Following its successful hosting of the FIFA World Cup 2010 last summer, South Africa has had much to celebrate. In December, the coveted BRIC group opened its doors to South Africa and invited the country to a meeting in Hainan in April. The decision has been met with some criticism, but the invitation to become the ‘S’ in ‘BRICS’ highlights the country’s growing importance on the world stage.

Peter Leon, a partner at Webber Wentzel in Johannesburg and Co-Chair of the IBA Mining Law Committee, says there is a clear strategy behind the invitation: ‘I think that China’s invitation to South Africa was mainly driven by the fact that we are by far the largest economy in Africa and that this is really all about mineral resources.

‘South Africa has the largest in situ mineral resources in the world and is by far Africa’s biggest minerals producer. Inviting South Africa to join the BRICS was a shrewd calculation by China to provide it with better access to Africa’s largest economy and biggest minerals producer.’

According to recent estimates by the Standard Bank Group, bilateral trade between China and Africa is set to exceed US$110bn in 2011 and reach some US$300bn by 2015. With US$373bn GDP, South Africa is Africa’s largest economy and is an obvious choice for the BRIC group to gain a foothold in Africa and further expand its global footprint.

Leon believes there is no mistaking why the country has been chosen as the next pit stop on the emerging market trail: ‘South Africa is obviously also a gateway to the South African Development Community common market and to Africa in general.’

Read the full article, and further Global Insight web content at:

China's top court clarifies rules for private antitrust litigation
Phil Taylor

China's highest court has published a draft interpretation governing civil litigation under the country's anti-monopoly law, bringing the prospect of private suits against foreign companies closer and increasing the pressure on state-owned enterprises.

The draft Provisions on Several Issues Applicable to the Trial of Anti-Monopoly Private Litigation Cases represents the first substantive guidance on the Anti-monopoly Law (AML) to be issued by the Supreme People's Court (SPC). As well as dealing with issues such as the possibility of stand-alone and follow-on actions, burden of proof, standing and time limits, they bring much-needed clarification to the widely drawn legislation.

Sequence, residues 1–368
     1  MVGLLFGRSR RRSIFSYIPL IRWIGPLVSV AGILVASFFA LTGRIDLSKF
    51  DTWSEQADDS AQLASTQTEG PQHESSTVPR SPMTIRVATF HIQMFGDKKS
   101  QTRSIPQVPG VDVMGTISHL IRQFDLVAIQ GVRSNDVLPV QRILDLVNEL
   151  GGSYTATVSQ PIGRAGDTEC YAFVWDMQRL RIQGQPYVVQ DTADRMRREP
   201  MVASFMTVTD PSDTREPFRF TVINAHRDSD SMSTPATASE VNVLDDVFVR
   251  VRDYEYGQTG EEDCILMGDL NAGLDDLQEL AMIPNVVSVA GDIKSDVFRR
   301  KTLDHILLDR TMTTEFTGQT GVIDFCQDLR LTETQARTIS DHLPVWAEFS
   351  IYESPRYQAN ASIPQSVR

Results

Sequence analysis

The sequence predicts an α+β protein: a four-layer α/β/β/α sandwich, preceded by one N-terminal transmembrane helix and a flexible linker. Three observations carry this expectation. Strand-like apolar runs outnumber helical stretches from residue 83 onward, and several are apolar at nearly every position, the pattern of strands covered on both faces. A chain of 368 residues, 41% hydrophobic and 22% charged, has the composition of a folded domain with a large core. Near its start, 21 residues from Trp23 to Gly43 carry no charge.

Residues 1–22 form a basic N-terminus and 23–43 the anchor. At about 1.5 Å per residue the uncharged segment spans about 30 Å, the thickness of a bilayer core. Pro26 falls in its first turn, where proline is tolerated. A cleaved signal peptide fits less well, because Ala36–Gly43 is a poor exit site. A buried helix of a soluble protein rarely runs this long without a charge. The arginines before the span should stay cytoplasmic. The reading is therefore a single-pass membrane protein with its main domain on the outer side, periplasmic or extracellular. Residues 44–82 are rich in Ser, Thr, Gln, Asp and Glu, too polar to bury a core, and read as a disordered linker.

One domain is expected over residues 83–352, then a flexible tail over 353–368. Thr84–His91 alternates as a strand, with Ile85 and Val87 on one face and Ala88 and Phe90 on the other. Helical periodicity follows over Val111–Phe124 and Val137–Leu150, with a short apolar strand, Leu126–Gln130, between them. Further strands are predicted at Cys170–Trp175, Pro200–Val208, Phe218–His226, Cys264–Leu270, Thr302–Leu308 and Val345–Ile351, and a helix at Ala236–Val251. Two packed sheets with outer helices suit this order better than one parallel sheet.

'Judges are likely to feel more comfortable dealing with private actions after publication of the Supreme People's Court's final judicial interpretation,' said Ninette Dodoo, counsel in Clifford Chance's Beijing office.

Analysts have been warning for some time of the potential for Article 50 actions against foreign multinationals once the Supreme People's Court provided guidance.

'The apparent reluctance of the courts to hear such cases when they involve foreign multinationals as defendants may evaporate,' wrote Mayer Brown JSM antitrust lawyers in a recent note.

But Baker & McKenzie special counsel Chunfai Lui said that the courts may find adjudicating domestic conflicts to be 'an easier task' at present. 'From what I hear on the ground, the courts are actually proceeding with caution and in a conservative manner, so agreeing to take on an antitrust complaint against a foreign company involves high stakes where the latter will arm itself with knowledgeable antitrust counsel,' he said.

Meanwhile, Herbert Smith partner Betty Tam told IBA Global Insight that the new interpretation should not put foreign companies in a riskier position.

'This is not so much a question of law but the economy,' she said. 'Foreign companies may be subject to more scrutiny for merger control, not because they do more merger than domestic companies, but because they are compliant and will do the filing when they need to. As for other monopolistic acts, I struggle to think of which foreign companies are more 'monopolistic' than the big state-owned enterprises in China.'

Read the full article, and further Global Insight web content at: